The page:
Reasons for making a will:
- Statistically, people with wills live longer.
- A will shows that you care: about your family, about your friends and about the charities and organisations you support.
- If you do not make a will, the law decides who receives your property and how it is shared out. It does not all automatically go to your husband, wife or civil partner.
- The state will inherit everything if you have no family and do not leave a will.
- A companion or unmarried/unregistered partner has no automatic entitlement to anything, unless you leave a will.
- A will lets you choose guardians for your children while they are young and lets you decide what age they should inherit at.
- You can provide for your pets in a will.
- A will is a much, much less expense than a disputed estate.
- Marriage, children, separation, divorce, living together or dying together can have serious implications if you do not have a properly worded will.
- Once it is done, it is one less thing to worry about.
- It can save inheritance tax.
- You know it makes sense.
Warnings and reminders:
- Do not risk making a will without professional guidance or dying without one.
- A seemingly simple, but wrongly worded will may be invalid or have different consequences to those you intended.
- A will can be updated easily and should be reviewed regularly to cater for changing circumstances.
First Appointment – what do we need and what to bring:
Don’t worry if you can’t produce anything or everything. The idea behind the list is to avoid the comment, “if I’d known that would have been useful, I’d have brought it”.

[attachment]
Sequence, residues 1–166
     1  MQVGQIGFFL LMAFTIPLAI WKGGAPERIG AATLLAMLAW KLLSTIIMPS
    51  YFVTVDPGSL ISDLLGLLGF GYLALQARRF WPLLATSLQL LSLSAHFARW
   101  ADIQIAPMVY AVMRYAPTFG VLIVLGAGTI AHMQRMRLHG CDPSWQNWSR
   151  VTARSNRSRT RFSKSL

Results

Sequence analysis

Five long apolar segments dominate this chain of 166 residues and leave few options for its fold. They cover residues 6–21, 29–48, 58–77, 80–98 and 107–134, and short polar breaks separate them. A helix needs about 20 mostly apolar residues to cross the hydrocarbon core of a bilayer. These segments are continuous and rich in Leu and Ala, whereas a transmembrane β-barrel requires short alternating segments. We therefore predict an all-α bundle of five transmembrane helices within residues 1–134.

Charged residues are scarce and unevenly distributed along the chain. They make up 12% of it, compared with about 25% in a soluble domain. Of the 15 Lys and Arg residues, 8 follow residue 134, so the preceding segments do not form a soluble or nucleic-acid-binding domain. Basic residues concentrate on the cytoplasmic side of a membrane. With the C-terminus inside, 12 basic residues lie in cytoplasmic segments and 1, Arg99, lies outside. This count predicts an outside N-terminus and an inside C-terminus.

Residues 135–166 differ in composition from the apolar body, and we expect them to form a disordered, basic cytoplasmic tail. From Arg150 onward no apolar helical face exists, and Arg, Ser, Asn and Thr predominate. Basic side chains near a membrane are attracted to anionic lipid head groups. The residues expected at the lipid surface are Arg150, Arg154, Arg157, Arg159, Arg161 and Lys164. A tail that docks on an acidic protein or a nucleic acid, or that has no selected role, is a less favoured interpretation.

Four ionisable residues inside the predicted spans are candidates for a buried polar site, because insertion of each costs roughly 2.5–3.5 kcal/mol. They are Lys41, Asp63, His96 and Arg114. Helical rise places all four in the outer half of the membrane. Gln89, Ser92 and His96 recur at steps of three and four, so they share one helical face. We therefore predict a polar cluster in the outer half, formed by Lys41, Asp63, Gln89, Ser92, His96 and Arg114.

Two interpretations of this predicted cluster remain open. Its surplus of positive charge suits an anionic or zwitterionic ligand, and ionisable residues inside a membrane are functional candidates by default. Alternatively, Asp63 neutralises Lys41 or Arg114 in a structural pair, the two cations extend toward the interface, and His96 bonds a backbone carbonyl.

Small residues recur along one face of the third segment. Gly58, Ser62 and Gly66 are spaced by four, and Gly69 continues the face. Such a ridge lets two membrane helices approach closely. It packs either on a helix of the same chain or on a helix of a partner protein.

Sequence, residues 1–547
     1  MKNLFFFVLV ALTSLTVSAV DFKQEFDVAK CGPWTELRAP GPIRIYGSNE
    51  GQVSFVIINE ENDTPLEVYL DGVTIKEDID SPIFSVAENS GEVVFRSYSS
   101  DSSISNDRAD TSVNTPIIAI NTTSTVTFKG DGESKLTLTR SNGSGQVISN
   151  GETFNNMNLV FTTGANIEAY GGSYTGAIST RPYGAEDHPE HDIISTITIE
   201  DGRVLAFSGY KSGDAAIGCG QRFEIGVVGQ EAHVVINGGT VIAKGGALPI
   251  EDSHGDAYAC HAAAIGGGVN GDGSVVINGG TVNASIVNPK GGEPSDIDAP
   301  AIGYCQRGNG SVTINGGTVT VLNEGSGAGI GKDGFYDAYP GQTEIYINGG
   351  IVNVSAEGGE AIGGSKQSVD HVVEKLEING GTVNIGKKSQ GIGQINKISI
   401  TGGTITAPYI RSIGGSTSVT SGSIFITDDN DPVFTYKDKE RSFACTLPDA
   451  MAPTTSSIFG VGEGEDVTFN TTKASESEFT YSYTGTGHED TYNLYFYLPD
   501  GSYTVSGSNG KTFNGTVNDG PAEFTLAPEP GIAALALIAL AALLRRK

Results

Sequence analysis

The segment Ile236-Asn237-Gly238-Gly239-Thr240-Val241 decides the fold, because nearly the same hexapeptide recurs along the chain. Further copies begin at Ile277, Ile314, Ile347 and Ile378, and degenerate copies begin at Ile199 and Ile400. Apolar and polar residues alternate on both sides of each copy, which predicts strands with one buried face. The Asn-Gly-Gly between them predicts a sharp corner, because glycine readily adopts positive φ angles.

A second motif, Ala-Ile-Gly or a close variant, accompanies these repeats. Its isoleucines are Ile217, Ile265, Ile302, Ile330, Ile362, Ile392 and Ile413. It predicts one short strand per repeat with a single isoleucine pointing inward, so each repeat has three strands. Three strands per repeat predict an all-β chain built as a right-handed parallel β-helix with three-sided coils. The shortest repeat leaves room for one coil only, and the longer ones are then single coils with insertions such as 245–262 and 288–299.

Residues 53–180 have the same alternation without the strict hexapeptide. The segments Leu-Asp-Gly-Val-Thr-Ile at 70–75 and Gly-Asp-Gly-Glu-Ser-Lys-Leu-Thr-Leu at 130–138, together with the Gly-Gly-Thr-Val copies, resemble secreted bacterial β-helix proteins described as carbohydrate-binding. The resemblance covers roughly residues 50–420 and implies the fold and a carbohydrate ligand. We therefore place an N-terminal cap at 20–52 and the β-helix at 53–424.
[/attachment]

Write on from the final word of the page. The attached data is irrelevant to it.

- Your full name, address, telephone number, date of birth, occupation and National Insurance number.
- Your address book – or the full names and addresses of any-one you intend to mention in your will.
- Your existing will or a copy of it.
- If you have children under 18, the name and address of a guardian or guardians for them.
- Who owns your house, approximately what it is worth and the value of any outstanding mortgages.
- If the house is owned jointly by more than one person, whether you own it as joint tenants or tenants in common. See Joint Owners for more information.
- What you are worth – approximately – so that we can give you appropriate inheritance tax advice.
- Details of any items you wish to leave to particular people, for example your jewellery to your niece.
- Any additional factors we need to take into account. For example: do you have dependent relatives or children to a former partner or spouse or does anyone you wish to provide for have physical or mental problems.